Argento's song cycles are notable in his frequent use of dramatic, unusual text, most often prose that does not have immediately apparent musical possibilities; they blur the distinction between straightforward groupings of songs and dramatic works, which he terms "monodramas". His best-known song cycle is From the Diary of Virginia Woolf, with a text he assembled from the book of the title. Written for Janet Baker in 1974, it won the Pulitzer Prize and is performed frequently. Other prominent works in a similar vein include Letters from Composers (1968), which uses as its text letters written by Chopin, Puccini, and others; Casa Guidi (1983), which sets letters written by Elizabeth Barrett Browning; and A Few Words About Chekhov (1996), which adapts letters by Chekhov.

Argento's other song cycles include A Water Bird Talk, which combines Chekov's one-act monodrama "On the Harmful Effects of Tobacco" with passages from Audubon's Birds of America; The Andrée Expedition, which includes journal entries by Salomon Andrée during his ill-fated attempt to travel to the North Pole by balloon; and Miss Manners on Music (1998), which sets newspaper clippings by columnist Judith Martin (aka "Miss Manners"). One of the few major song sets Argento has written that use "traditional" verse as text is his popular Six Elizabethan Songs.

Other solo vocal works by Argento include:

  • Songs About Spring (1950–55), text by E. E. Cummings, for voice and piano
  • Ode to the West Wind (1956), text by Shelley, for soprano and orchestra
  • To Be Sung Upon the Water (1972), text by Wordsworth, for voice, clarinet and piano
  • The Bremen Town Musicians (1998), text by the composer, a "children's entertainment" with narrator and orchestra

Major choral works[edit]

Argento's first large-scale choral work, if one discounts The Masque of Angels (parts of which, such as the "Gloria" and "Sanctus", are frequently excerpted), is The Revelation of St. John the Divine (1968), which sets portions of the Book of Revelation and is scored for male chorus, brass, and an array of percussion instruments. Peter Quince at the Clavier, a setting of the poem by Wallace Stevens, was commissioned by Pennsylvania State University in honor of the state's tercentenary (both Stevens and Argento are Pennsylvania natives.) For the Dale Warland Singers, Argento wrote I Hate and I Love (1981), with text by Catullus, and Walden Pond (1996), based on excerpts from Thoreau. Argento composed a massive Te Deum in 1987 which integrates the Latin text with medieval English folk poetry. A Toccata of Galuppi's (1989), a 20-minute setting of a Robert Browning poem, is one of many works inspired by Argento's time in Florence. In 2008, the Harvard Glee Club premiered Apollo in Cambridge, a multi-movement setting of texts by Harvard-affiliated writers of the 19th century.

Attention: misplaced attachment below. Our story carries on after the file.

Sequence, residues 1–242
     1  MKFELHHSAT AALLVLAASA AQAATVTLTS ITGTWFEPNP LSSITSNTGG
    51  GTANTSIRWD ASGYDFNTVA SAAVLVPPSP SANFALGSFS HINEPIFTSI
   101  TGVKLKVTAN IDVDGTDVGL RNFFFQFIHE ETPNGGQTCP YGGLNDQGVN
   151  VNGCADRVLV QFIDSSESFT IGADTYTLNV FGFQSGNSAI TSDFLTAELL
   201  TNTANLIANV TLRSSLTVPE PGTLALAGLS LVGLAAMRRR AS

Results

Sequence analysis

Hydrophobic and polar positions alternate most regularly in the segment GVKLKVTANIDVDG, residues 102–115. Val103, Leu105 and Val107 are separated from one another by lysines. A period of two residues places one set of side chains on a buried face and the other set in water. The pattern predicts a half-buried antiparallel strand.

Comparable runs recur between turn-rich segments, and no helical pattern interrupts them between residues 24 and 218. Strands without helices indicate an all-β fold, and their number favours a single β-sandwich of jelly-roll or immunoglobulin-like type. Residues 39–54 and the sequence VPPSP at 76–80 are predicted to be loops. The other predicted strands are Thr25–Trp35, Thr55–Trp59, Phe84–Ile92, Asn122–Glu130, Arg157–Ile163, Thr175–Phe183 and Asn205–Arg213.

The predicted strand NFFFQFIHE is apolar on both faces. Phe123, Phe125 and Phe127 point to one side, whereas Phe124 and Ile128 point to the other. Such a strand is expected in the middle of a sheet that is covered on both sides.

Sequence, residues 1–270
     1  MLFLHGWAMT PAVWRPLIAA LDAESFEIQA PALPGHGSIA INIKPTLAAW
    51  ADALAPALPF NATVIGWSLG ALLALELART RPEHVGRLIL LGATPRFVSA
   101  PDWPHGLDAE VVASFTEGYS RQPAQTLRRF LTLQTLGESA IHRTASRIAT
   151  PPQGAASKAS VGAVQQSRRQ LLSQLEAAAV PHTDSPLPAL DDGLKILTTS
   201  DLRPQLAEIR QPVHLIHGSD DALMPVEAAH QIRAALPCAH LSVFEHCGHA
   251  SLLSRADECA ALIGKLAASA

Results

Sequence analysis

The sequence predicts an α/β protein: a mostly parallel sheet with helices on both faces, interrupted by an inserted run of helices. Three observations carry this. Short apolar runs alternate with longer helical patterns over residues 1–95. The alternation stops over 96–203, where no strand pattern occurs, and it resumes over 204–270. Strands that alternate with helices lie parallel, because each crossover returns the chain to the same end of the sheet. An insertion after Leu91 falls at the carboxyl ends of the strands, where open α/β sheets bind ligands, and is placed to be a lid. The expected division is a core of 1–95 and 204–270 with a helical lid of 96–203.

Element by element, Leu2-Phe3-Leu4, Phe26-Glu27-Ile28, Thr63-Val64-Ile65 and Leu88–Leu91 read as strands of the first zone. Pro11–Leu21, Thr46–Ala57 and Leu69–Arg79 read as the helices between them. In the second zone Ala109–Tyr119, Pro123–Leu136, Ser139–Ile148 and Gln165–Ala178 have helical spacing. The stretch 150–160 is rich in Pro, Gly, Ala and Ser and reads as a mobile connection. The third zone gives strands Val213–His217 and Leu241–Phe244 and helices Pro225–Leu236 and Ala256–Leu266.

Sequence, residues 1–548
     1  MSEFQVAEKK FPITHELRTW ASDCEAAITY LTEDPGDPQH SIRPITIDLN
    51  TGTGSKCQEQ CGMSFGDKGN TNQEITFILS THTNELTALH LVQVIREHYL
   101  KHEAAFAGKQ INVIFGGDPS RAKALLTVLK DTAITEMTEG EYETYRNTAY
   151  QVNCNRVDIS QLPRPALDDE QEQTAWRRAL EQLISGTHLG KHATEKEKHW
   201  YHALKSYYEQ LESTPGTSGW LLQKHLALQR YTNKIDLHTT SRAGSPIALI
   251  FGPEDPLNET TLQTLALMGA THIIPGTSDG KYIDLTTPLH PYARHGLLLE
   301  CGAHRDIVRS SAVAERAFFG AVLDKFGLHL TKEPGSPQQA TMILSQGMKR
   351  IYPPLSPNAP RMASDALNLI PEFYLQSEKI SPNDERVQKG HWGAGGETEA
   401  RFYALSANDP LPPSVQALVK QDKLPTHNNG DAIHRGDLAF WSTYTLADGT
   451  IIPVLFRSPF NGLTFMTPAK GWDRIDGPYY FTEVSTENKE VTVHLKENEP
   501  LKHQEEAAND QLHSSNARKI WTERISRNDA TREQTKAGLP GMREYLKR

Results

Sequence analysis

Other choral works by Argento include:

Orchestral works[edit]

Argento's non-vocal output is relatively small; there are, for example, no symphonies, and just one String Quartet written when he was a student. He has produced numerous orchestral suites based on his operas, including Le tombeau d’Edgar Poe (1985), adapted from The Voyage of Edgar Allan Poe, and the popular Valentino Dances (1994), from The Dream of Valentino. He has written two ballets that were then fashioned into orchestral suites, The Resurrection of Don Juan (1956) and Royal Invitation (Homage to the Queen of Tonga) (1964). His 1982 Fire Variations was nominated for the Kennedy Center Fridheim Prize in Music.

Other orchestral works include:

  • Divertimento (1954) for piano and strings
  • Variations for Orchestra (The Mask of Night) (1965)
  • Bravo Mozart (1969), an "imaginary biography"
  • A Ring of Time (1972) for orchestra and bells
  • In Praise of Music (1977), a set of "songs" for orchestra
  • Capriccio ‘Rossini in Paris’ (1985), essentially a clarinet concerto
  • Reverie (Reflections on a Hymn Tune) (1997)
  • Other small works for chamber groups of instruments

Notes[edit]

  1. ^ a b c Saya, Virginia. "Dominick Argento." Grove Music Online, ed. L. Macy. (Accessed 15 December 2006).
  2. ^ a b Waleson, Heidi. "An Introduction to Argento's Music." Boosey & Hawkes online (accessed 15 December 2006). Article
  3. ^ a b c d e f g h Argento, Dominick. Catalogue Raisonné as Memoir. Minneapolis: U of M Press, 2004. ISBN 0-8166-4505-1.
  4. ^ "Dominick Argento: Minnesota Romantic", Minnesota Public Radio, 2002
  5. ^ Midgette, Anne. "In Search of the Next Great American Opera", The New York Times, 19 March 2006. Accessed 8 April 2008.

External links[edit]